- Eureka lemon
- Meyer lemons
2. Growing pot selection
Most of the farmers who grow lemon trees indoors grow them in growing pots. It is expensive to construct an indoor garden for lemon trees. Some growing pots can hold moisture longer than others and even promote better aeration around the roots.
Before a farmer decides to grow a lemon tree in a growing pot, they need to choose a pot whose design and make is best suited for that lemon variety. Characteristics of the best growing containers include;
- They have large draining holes at the bottom.
- Farmers who live in winter-prone areas need to choose plastic pots because they are light and easier transferred in and out of the house before winter and spring, respectively.
- The best growing pot is also dependent on the root ball. The general rule of thumb is that the size should be three times bigger than the root ball. This means that that root ball should be quarter the size of the growing chosen pot.
3. Potting mix prep
Lemon trees like well-draining soils. It would be best to buy a well-draining citrus potting soil or even cactus soil if you can afford it. However, suppose you can’t access or are not able to buy potting soil. In that case, you can mix garden soil with vermiculite and perlite to improve the soil’s drainage.
4. Hand pollinating
Indoor-grown lemon plants do not have access to insects and green pollinators. It makes it challenging for the lemons to get pollinated.
To ensure that you get lemons during harvest season, a farmer hand must pollinate indoor-grown lemon plants during the blooming season.
Potted lemon plants typically tend to outgrow the pot they are planted in after 2 to 3 years of growth.
This usually goes on until that tree reaches its full size, beyond which you do not need to change the pot size but need to periodically change the soil.
In repotting a lemon tree, all the farmer needs to do is transfer a lemon from a smaller pot to a larger pot.
The general rule is that the new pot should have a diameter of at least twice the original growing pot you’re transferring from.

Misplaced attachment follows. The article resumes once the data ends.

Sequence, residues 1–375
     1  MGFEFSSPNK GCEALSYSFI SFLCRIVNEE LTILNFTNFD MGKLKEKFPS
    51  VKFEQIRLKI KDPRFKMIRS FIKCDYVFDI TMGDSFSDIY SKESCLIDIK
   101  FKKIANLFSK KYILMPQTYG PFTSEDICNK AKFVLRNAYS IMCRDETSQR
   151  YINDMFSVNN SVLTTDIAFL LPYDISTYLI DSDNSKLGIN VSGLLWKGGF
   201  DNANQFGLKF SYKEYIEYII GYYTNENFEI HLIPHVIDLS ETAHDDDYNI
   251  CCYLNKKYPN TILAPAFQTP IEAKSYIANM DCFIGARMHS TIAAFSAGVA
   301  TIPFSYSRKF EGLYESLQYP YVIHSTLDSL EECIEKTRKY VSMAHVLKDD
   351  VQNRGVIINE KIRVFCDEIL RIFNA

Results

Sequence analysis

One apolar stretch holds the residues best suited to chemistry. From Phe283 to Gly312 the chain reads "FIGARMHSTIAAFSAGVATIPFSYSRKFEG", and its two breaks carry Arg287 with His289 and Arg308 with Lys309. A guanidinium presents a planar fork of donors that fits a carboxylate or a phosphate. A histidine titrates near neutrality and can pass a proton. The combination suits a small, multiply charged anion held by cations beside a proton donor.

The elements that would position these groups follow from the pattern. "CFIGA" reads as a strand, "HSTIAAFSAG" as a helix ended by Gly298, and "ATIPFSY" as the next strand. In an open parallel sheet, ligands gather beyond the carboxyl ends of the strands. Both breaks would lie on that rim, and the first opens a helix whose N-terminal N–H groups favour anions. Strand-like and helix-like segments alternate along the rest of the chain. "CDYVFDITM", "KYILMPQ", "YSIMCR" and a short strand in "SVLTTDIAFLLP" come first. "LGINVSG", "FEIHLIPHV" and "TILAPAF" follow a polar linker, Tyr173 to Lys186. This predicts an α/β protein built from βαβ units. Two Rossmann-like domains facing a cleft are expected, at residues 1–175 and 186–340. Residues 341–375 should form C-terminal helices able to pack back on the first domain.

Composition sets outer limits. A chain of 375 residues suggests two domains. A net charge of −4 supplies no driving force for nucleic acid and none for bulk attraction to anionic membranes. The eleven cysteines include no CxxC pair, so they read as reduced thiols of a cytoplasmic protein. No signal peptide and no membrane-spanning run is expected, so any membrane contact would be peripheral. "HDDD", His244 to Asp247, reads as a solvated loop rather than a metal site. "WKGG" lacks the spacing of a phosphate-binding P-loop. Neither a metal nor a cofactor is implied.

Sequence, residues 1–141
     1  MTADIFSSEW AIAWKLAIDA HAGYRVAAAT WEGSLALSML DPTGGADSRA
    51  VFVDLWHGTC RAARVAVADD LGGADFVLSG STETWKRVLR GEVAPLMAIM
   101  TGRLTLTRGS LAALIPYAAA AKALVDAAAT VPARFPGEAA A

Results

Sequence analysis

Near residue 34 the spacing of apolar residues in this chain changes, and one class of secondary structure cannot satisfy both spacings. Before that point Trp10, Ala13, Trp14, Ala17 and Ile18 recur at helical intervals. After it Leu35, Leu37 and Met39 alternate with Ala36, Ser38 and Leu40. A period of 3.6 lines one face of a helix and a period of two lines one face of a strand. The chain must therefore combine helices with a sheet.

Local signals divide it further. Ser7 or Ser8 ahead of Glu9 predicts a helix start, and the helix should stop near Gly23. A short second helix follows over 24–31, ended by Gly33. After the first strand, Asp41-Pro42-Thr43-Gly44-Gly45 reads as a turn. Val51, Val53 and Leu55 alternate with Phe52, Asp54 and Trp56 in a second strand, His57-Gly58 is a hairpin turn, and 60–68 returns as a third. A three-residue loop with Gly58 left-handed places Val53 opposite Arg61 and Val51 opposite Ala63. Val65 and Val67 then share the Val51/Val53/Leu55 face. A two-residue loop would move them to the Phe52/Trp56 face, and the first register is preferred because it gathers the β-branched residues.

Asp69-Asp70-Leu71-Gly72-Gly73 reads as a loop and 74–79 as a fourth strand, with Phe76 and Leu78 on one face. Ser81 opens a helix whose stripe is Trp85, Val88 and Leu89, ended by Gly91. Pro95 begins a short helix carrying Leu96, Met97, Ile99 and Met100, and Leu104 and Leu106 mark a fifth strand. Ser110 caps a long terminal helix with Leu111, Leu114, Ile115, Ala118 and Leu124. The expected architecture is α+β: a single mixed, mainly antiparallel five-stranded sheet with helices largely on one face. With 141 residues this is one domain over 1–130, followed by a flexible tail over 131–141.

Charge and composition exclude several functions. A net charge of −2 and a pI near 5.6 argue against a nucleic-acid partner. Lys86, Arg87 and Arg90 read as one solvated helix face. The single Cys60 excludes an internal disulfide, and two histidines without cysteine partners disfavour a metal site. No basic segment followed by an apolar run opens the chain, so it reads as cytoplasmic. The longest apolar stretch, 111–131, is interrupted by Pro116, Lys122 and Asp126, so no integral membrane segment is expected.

Lemon tree fertilizer
Lemon trees, like the rest of citrus trees, are fertilized with nitrogen-rich slow-release fertilizers.
The most common fertilizers on the market in no particular include;
- Dr. Earth
Lemon tree care in winter
Lemon trees are sensitive to cold. Most lemon tree varieties can not stand temperatures less than 50 degrees and will get frost damaged.
Lemon cheese can be protected from first damage in winter by transferring them indoors if grown in gardening pots.
However, suppose the farmer cannot transfer the plants. In that case, maybe because it’s growing on land, they can insulate the stem with blankets and erect a frame around the tree. The farmer will put a plastic covering his insulation.
Lemon tree care south Africa
Lemon Tree Care in South Africa is similar to Lemon Tree Care practices elsewhere in the world.
Best lemon care practices that can be applied in South Africa include;
- Pests and disease control
- Ambient temperature regulation
Yes, lemon trees need at least 8 hours of full sun to be healthy, so ensure to grow your lemon tree in the sunniest part of your garden or balcony. You can also place indoor growing lemon trees on your sunniest window.
A lemon tree can take an average of four years to bear fruit if it is gone from seed; otherwise, if it’s grown from grafting like most commercial lemon trees, the lemon tree will take 1 to 2 years to fruit.
The best fertilizer for lemon trees is a nitrogen-rich slow-release fertilizer that is enriched with micronutrients.
Sometimes the world doesn’t throw lemons at you. Sometimes if you want lemonade the times when you have to go through the hustle of growing and caring for a lemon tree. With the tips and guidelines above, you’ll be able to successfully look after and take care of any lemon tree.